While not intrinsically great instruments, Jewish-owned violins, cellos and violas that somehow survived the concentration camps live on in concert.
Among the many perverse facts of the Holocaust is there were camp orchestras. Talented instrumentalists from the Jewish and “Gypsy” (Roma) communities involuntarily held by the murderous regime were put to work to provide music. Their audiences were new arrivals as they disembarked from cattle cars, some as they were led to certain death while others judged healthy enough to work to barracks. Some of the musicians were forced to entertain their captors at parties.
It’s impossible to not mentally summon the theme from Schindler’s List, the 1993 movie about the Holocaust (composed and conducted by John Williams, featuring violinist Itzhak Perlman). The music performed by the camp orchestras included marches, parlor music, dance music, popular music of the day, film and operetta melodies, the works of Richard Wagner and Beethoven’s Fifth Symphony. In Auschwitz composer Henryk Krol wrote Arbeitslagermarsch, the Concentration Camp Labor March.
Since 1996, the father and son team of Amnon and Avshalom Weinstein, based in Tel Aviv, have been collecting the violins, violas and cellos that were owned by these camp musicians before and during World War 2. The collection has grown to more than 60 instruments, each with a story: Some were used in the camps; some were tossed from those trains as they were headed to the camps. The collection is known as the Violins of Hope.
One instrument in the collection, the Auschwitz violin, was made around 1850 in Germany and was purchased in the post-War years from a penniless survivor. Like many of the stringed instruments, it was neither rare nor valuable. Another German-made violin, circa 1900, was tossed from a train traveling from France by a desperate man who said “In the place where I now go I don’t need a violin – here, take my violin so it may live!” A worker obliged his request but never played it. Decades later his children told the story to a violinmaker in the South of France who purchased it and turned it over to the Weinsteins for the Violins of Hope project.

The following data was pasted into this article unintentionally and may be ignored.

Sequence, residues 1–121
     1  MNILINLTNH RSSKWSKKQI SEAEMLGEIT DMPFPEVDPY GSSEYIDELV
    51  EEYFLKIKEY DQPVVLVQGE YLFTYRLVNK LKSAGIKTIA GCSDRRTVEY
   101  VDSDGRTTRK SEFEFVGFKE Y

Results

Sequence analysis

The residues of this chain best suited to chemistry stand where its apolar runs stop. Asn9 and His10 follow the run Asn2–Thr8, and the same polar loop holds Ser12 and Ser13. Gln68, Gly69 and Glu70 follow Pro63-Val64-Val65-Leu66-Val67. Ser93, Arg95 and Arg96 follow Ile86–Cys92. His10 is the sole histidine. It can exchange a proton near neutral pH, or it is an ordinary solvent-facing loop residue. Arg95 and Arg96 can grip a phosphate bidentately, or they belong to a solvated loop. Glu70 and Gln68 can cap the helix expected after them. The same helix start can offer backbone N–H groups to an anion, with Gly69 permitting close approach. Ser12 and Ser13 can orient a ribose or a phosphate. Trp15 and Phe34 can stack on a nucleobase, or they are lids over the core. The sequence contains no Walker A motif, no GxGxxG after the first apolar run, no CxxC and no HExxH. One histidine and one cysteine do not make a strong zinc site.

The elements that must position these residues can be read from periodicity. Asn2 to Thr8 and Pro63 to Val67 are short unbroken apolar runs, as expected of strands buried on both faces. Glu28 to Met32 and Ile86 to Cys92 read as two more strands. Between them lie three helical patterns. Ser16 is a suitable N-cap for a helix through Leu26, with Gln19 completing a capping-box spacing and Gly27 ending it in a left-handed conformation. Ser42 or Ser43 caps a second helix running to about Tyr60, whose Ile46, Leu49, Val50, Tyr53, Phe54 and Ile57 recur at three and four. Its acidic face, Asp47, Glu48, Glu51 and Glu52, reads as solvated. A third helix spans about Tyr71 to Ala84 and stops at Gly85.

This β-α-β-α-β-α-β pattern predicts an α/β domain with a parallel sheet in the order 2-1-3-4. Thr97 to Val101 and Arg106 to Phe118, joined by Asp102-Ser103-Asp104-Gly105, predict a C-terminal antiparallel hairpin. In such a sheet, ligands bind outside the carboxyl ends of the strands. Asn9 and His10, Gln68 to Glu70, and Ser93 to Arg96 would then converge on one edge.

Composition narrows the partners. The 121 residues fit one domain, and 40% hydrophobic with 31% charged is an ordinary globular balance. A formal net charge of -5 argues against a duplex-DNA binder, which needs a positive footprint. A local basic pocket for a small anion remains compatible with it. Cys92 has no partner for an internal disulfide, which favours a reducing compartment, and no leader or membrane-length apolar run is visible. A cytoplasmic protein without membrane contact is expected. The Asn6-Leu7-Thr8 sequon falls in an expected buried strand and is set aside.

But Violins of Hope is more than instruments that the Weinsteins have restored to playing condition. It’s a series of concerts using these instruments, held around the world, accompanied by discussions on the significance of the instruments. Despite the fact these are not Stradivarius violins, virtuosos the likes of Shlomo Mintz (Jerusalem), David Russell (music professor at the University of North Carolina) and others play them. Upcoming concerts in 2019 and 2020 are in Louisville, Kentucky; Fort Wayne, Indiana; San Francisco; and Los Angeles.
Amnon Weinstein told National Public Radio in 2012 that violins were commonly displayed on the walls of Jewish homes, particularly among Orthodox Jews who were forbidden from displaying portraits or sculpture. He was first asked to restore one such violin in the early 1960s by a musician-survivor who had been part of the Auschwitz Men’s Orchestra, but Weinstein was repulsed by the presence of ashes inside the instrument and refused to work with it – in part because he himself had lost many family members to the Holocaust.
Weinstein’s emotions on that had softened by the 1990s when he launched Violins of Hope. “All instruments have a common denominator,” he says on his website. “They had to do with the war. To be more specific, they had to do with the Holocaust – death or survival. And hope. All instruments were symbols of hope and a way to say, remember me, remember us. Life is good, celebrate it for those who perished, for those who survived. For all people.”
That clearly includes the doomed violinist on that French train. His violin miraculously survives. “The sound of violins is often compared to the beauty of the human voice,” Weinstein writes. “When played with talent and spirit, it is known to reach out and touch hearts. This was the role of violins in the war – to touch hearts, kindle hope for better times and spread it around. Wherever there was music, there was hope.”